Back in the day, it seemed like everyone who trained did bodybuilding-like training. I know when I was in high school, college, and the Navy, all of my training was bodybuilding training because, well, I didn’t know any better.
Those were the days before the internet.
That meant if you wanted to train, you tended to grab books like Arnold’s Encyclopedia of Bodybuilding or magazines like Flex or Muscular Development.
Not only that but the public’s perception of “strong” generally meant looking like Arnold or Stallone. It was the way we thought of people who were strong and tough.
Why else do you think Dolph Lundgren or Jean Claude Van Damme came to prominence?
But today, we know a whole lot more. We have access to information we couldn’t imagine back then. Hell, I didn’t even know “powerlifting” was a thing in those days.
Which leads me to ponder: Should new athletes focus on looking good or just being strong?
Before we start, let’s understand the key differences in training, and that’s namely the goal.
For a bodybuilder, the primary focus is on hypertrophy. They want to build big old muscles.
For strength training, it’s about moving a lot of weight.
Understand that while it’s difficult to see the difference in the gym, it really boils down to the focus. As I’ve said before if you could find a way that a bodybuilder could build huge muscles with nothing but a pair of 5 lbs dumbbells, a large number would do it.
On the flip side, if it was possible to bench 500 lbs without gaining a single ounce, a number of strength athletes would probably go along with it.
Zach Even-Esh refers to bodybuilding muscles as “all show, no go” muscles. In other words, they’re created with the intention of looking good, but not much else.
And, honestly, he’s not wrong.
Anyone working with an experienced and knowledgeable coach to train for a sport, for example, will find that unless they’re undersized for that sport, there won’t be much in common with a top-flight bodybuilder’s routine.
Now, with that said, it’s not really an either/or kind of proposition.
If you want to get stronger, you’re probably going to need to build more muscle. On the flip side, if you want to build more muscle, you’re going to have to do things that will make you stronger.
The difference is in the focus, not the results.
However, with that said, there are differences in how you train for each.
So what should you train for?
Well, what follows here is just my advice mind you, but I think you should forget training for aesthetics.
For one, as Even-Esh noted before, having bodybuilding muscles doesn’t necessarily translate into having useable strength. For example, Even-Esh was a bodybuilder while training for wrestling in high school, yet that training didn’t exactly translate to success on the mat.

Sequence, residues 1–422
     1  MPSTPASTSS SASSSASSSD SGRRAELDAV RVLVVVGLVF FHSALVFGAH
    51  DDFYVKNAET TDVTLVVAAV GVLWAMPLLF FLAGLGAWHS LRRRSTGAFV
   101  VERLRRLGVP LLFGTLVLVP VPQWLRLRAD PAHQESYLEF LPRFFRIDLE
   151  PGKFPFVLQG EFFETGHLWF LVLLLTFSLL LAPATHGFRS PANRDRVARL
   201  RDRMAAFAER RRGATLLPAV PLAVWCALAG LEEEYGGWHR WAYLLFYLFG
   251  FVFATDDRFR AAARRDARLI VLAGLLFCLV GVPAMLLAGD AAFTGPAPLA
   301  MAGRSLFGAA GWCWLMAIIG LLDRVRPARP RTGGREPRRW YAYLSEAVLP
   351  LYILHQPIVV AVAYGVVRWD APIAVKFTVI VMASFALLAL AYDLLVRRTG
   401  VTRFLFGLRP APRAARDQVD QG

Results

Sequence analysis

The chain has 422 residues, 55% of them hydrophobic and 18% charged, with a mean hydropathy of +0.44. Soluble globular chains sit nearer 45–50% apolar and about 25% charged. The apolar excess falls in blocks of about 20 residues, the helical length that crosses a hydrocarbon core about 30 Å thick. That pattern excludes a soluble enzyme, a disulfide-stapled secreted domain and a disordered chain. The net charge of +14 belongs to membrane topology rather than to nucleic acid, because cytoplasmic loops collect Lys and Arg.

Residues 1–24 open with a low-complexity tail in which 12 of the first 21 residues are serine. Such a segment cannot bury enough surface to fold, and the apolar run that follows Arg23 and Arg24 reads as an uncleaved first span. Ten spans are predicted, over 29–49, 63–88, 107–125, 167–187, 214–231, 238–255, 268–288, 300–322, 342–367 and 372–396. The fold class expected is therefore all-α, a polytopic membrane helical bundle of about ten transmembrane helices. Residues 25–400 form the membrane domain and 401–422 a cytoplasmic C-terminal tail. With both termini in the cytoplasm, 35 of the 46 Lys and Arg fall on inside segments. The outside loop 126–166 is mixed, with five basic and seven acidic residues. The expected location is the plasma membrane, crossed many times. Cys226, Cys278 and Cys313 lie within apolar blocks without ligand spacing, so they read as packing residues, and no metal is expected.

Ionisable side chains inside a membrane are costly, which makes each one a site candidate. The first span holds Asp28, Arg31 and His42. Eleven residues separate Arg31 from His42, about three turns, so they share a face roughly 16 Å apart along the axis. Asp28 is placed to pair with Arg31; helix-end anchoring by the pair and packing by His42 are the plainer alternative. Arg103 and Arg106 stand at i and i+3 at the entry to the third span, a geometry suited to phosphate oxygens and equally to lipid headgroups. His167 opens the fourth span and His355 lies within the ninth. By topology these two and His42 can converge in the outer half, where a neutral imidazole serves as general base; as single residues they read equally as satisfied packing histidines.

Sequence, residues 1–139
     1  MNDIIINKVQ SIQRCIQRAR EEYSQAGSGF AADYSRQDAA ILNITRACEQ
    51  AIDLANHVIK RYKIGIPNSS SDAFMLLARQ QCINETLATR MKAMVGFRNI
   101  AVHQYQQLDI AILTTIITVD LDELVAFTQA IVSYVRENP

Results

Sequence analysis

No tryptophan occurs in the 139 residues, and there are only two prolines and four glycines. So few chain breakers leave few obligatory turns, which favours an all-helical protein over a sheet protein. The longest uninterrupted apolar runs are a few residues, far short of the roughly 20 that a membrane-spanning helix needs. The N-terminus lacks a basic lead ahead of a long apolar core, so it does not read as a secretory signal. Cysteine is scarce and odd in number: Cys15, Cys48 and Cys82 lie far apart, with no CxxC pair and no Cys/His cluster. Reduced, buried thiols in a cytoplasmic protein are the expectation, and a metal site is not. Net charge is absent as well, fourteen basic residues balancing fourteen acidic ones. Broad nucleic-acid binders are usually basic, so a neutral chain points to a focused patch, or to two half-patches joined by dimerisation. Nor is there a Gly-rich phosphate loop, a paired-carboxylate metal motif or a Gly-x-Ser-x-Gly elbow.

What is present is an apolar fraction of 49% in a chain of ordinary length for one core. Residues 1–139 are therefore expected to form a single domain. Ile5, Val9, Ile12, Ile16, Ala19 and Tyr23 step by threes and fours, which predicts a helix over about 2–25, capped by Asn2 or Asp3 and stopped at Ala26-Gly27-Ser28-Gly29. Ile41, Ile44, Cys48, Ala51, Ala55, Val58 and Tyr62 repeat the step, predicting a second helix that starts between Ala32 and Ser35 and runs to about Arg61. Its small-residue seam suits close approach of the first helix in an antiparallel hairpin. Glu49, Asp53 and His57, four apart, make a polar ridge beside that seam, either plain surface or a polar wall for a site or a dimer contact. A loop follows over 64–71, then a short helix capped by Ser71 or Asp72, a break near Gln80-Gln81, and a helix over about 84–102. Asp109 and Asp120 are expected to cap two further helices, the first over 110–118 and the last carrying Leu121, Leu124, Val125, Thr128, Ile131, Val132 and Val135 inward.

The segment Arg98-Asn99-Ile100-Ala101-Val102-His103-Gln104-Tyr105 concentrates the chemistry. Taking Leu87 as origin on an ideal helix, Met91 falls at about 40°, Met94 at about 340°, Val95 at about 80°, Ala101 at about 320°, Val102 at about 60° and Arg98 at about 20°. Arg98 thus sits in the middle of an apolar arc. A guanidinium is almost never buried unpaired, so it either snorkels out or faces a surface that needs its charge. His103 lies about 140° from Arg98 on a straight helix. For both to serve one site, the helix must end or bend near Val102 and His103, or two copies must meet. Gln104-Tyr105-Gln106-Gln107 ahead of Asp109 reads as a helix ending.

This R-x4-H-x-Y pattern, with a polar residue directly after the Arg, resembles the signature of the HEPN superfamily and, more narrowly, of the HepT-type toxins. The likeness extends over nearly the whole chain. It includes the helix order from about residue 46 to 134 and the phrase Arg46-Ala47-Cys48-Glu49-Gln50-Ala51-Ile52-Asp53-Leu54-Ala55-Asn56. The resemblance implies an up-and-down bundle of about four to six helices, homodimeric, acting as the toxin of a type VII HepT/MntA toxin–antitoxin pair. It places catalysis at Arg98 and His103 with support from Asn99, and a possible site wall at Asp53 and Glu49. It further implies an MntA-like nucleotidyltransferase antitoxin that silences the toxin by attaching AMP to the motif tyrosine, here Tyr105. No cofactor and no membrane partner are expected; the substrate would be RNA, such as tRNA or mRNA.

But he did win the Mr. Israel contest when he competed there one summer while visiting relatives.
In other words, he had the build to win at bodybuilding, but that did nothing to help him win throughout his high school career. The thing is, there’s no real reason to assume it’s different for much of anyone else.
Remember, combat sports athletes are probably the closest analog for those who train to protect themselves from a violent attack. Yet when you look at the training of these athletes, the only time you’ll find anything remotely like a bodybuilding program is likely when an athlete wants to move up into a heavier weight division and wants to do it lean.
“So you’re saying bodybuilders aren’t strong?”
No, I’m not. My father-in-law was a long-time bodybuilder…who happens to have a whole butt-ton of powerlifting trophies. Bodybuilders can get strong.
But it’s a question of what kind of strength.
Being able to do a bicep curl with 200 lbs is pretty cool, but where does that benefit you? How does it help you in the grand scheme of things?
When it comes to the argument between strength versus aesthetics, I come firmly down on the side of strength.
However, I also have to be honest here. I don’t actually see them remotely as mutually exclusive goals. If you want to get strong, you need to get bigger. If you want to get bigger, you’re going to get stronger.
Here’s an Instagram image of Halfthor Bjornsson, The Mountain from Game of Thrones. He’s the current World’s Strongest Man champion as well, so he’s legitimately strong.
Now, look at this picture.
From as aesthetics point of view, are you going to tell me he looks bad? If so, you need to adjust your glasses.
Yes, there are fat strongman competitors and powerlifters. Eddie Hall was a prime example, though he’s lost a ton of weight recently. My point, though, is that yes, there are a lot of fat guys in strength sports, but it’s not universal. It’s not a requirement.
You can be fairly lean, be strong, and look pretty damn good.
No, you won’t look like Arnold in his prime, but I’m going to let you in on a secret: You probably wouldn’t look like Arnold in his prime if you bodybuild either. Arnold was Arnold. No one else is.
For you, though, remember that it’s not an either/or proposition. But if you train to be strong and fit, the “looks good naked” component will take care of itself.